It has now been nearly two years since Microsoft announced the launch of Windows 7. Since the release, Windows 7 quickly became the fastest selling and strongest start to an Operating System in history with more than 7 copies sold per second and outpacing the sales of Windows XP 3 to 1. This is a huge accomplishment for Microsoft, especially coming off of a not-so-well adopted Windows Vista. With Windows XP being more than a decade old, it is imperative for organizations to start upgrading their PCs to meet the needs of the modern consumer and a modern workforce.
A few weeks ago at Microsoft Worldwide Partner Conference, Corporate Vice President of the Windows Group, Tami Reller, said “the best way to get to the future is to embrace the present.” Now is the time to start the migration to Windows 7 so your organization is ready once Windows 8 is released in late 2012. In the past, when a new OS was introduced, the machine requirements seemed to sky rocket which created additional costs that many companies did not budget for. Those days are over. Microsoft is priding themselves with keeping system requirements flat or reducing them ensuring your hardware investment will be able to take advantage of Windows 8 in the future. Windows 8 will be able to run on a wide range of machines and has added intelligence to make the most of the hardware by adapting the user experience based on the hardware of the user.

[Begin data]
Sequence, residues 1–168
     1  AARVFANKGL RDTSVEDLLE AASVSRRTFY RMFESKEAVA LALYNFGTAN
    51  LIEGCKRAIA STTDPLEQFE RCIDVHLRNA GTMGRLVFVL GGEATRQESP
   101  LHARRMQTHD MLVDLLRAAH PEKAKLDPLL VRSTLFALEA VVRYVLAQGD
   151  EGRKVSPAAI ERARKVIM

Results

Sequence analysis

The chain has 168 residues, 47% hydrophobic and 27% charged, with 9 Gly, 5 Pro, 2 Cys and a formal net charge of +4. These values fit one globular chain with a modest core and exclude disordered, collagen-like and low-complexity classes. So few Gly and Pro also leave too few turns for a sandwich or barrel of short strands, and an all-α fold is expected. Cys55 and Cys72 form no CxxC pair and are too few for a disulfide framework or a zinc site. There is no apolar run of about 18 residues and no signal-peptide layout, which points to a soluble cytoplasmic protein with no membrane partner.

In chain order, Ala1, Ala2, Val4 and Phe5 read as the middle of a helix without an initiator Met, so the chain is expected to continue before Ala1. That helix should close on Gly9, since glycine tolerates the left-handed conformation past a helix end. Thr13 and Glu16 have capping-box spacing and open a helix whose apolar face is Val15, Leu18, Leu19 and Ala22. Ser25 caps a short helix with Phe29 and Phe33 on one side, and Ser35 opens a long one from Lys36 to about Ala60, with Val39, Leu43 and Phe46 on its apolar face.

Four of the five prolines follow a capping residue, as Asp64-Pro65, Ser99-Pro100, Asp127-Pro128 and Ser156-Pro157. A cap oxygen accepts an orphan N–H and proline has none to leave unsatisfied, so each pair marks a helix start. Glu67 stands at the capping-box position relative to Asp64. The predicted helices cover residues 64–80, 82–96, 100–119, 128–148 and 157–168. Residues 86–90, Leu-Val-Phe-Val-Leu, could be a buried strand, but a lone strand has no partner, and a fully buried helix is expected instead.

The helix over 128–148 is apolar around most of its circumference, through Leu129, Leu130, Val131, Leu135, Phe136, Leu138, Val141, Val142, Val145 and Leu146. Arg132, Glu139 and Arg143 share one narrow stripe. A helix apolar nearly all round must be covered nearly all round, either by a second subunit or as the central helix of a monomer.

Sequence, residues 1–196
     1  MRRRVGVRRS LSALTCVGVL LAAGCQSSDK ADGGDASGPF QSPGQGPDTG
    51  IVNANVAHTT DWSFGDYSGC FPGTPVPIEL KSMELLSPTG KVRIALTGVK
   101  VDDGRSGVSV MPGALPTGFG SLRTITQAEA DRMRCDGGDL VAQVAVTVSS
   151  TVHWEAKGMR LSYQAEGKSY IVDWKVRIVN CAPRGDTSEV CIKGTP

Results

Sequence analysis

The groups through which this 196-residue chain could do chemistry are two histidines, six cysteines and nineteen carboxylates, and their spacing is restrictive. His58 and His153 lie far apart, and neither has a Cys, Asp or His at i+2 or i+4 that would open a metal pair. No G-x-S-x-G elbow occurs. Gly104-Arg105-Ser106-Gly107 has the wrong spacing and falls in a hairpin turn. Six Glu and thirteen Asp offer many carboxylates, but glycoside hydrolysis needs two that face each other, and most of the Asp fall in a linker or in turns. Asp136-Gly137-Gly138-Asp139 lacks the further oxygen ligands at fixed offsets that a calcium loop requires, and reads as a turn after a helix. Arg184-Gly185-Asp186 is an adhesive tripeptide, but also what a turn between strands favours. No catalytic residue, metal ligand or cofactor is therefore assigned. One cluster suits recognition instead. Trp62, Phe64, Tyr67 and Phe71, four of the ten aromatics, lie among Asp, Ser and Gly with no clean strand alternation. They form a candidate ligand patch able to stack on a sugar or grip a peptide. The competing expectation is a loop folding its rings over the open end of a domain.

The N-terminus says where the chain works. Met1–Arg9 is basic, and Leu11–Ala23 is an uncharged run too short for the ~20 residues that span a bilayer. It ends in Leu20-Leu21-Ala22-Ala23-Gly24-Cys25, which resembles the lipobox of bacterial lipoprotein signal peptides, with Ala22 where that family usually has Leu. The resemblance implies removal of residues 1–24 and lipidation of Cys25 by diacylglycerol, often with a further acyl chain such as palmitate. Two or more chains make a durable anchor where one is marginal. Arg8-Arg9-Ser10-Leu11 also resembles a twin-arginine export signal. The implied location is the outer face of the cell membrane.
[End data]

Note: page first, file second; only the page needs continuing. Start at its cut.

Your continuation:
Unlike previous operating systems, Windows 8 is being built from the ground up to be excellent on touch, i.e. tablets or phones, but also provide the same user experience with a keyboard and mouse. If you have a Windows 7 phone or have used one before, you will notice that the “live tiles” have made their way to the desktop. They’re customizable, scalable, and much faster way to start an application or just check out today’s weather. Switching between applications has become much smoother than ever before and without delay. Those who are familiar with Windows 7’s snap feature will love the evolution of Windows 8’s new abilities. Now you can resize the snapped application or running program to meet your needs.
Windows 7 has proven itself over the past 20 months and has a guaranteed positive ROI. Take a step back and evaluate your current operating system, but also where you want your organization to be in the next few years. Don’t let the future release of Windows 8 postpone you from upgrading now.